Carter, Michael. “Ways of Knowing, Doing, and Writing in the Disciplines.” CCC 58.3 (2007): 385-418.
Abstract: One way of helping faculty understand the integral role of writing in their various disciplines is to present disciplines as ways of doing, which links ways of knowing and writing in the disciplines. Ways of doing identified by faculty are used to describe broader generic and disciplinary structures, metagenres, and metadisciplines.
Area Cluster: 107-Institutional and Professional
Methodology: genre theory, induction, synthesis
Most Valuable Citations: CMiller, CBazerman, DRussell
The assumptions behind writing outside the disciplines are deeply ingrained in the very concept of the university, based on a particular understanding of the disciplines that has its roots in the transition to the modern American university in the last quarter of the nineteenth century (386).
The concept of metagenre, based on the idea of genre set in Miller, Bazerman, and Russell, is beneficial not only because it emphasizes the importance of writing in the disciplines but also because it provides a structure WID professionals can use to work with faculty in the disciplines. By highlighting generic patterns of knowing, doing, and writing both within and across disciplines, metagenres underline the critical role that writing can play in helping students participate fully in their disciplines (403).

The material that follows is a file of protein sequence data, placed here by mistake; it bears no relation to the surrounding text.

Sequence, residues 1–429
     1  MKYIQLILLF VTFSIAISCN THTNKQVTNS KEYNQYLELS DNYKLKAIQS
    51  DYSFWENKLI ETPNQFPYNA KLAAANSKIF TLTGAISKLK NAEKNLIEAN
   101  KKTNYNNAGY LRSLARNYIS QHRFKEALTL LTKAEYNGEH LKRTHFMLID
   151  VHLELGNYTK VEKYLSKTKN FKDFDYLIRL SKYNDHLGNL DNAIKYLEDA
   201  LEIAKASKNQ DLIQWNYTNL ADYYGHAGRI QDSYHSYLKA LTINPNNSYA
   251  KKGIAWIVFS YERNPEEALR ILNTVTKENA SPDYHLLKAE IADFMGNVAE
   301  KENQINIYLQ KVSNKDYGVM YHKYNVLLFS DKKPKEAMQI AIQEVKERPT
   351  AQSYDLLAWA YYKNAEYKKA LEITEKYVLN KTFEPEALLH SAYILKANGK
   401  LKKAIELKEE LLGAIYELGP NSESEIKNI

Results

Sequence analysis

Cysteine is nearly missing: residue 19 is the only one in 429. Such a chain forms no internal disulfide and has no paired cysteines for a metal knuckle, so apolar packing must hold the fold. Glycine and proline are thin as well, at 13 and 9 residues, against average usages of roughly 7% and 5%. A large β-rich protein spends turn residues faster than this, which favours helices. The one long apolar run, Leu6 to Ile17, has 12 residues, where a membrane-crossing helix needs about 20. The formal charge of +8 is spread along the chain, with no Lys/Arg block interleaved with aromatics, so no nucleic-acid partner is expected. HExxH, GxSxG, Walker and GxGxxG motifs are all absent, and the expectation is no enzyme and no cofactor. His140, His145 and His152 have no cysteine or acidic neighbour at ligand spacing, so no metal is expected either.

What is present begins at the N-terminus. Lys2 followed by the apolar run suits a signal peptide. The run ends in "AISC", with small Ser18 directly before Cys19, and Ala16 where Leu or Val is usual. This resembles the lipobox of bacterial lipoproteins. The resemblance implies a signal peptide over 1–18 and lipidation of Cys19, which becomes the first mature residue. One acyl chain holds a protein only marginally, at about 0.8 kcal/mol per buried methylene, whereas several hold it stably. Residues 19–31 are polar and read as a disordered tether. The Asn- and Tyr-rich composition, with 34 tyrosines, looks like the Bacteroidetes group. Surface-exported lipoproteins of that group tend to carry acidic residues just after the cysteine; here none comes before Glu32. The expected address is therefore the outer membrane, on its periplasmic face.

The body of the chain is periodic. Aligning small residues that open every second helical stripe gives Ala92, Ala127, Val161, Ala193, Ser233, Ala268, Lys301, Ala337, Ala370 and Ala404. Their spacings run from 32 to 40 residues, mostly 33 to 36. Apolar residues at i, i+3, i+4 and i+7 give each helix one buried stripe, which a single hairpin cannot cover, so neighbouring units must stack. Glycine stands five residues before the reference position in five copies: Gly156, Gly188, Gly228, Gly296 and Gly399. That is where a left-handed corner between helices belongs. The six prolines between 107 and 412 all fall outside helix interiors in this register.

For WID faculty, however, the ability to perceive the broader disciplinary formations and to understand the way genres shape and are shaped by those formations offers a rich conception of the integration of writing in the disciplines (407).
However, I do think that reconceptualizing the disciplines in terms of metagenres and metadisciplines is at least an implicit challenge to the disciplines as separate divisions of declarative knowledge. Instead, disciplines may be seen as based on ways of doing and thus ways of knowing and writing, modes of inquiry rather than static territories of knowledge to be more and more thoroughly mapped, a shift in emphasis from knowledge to knowing (410).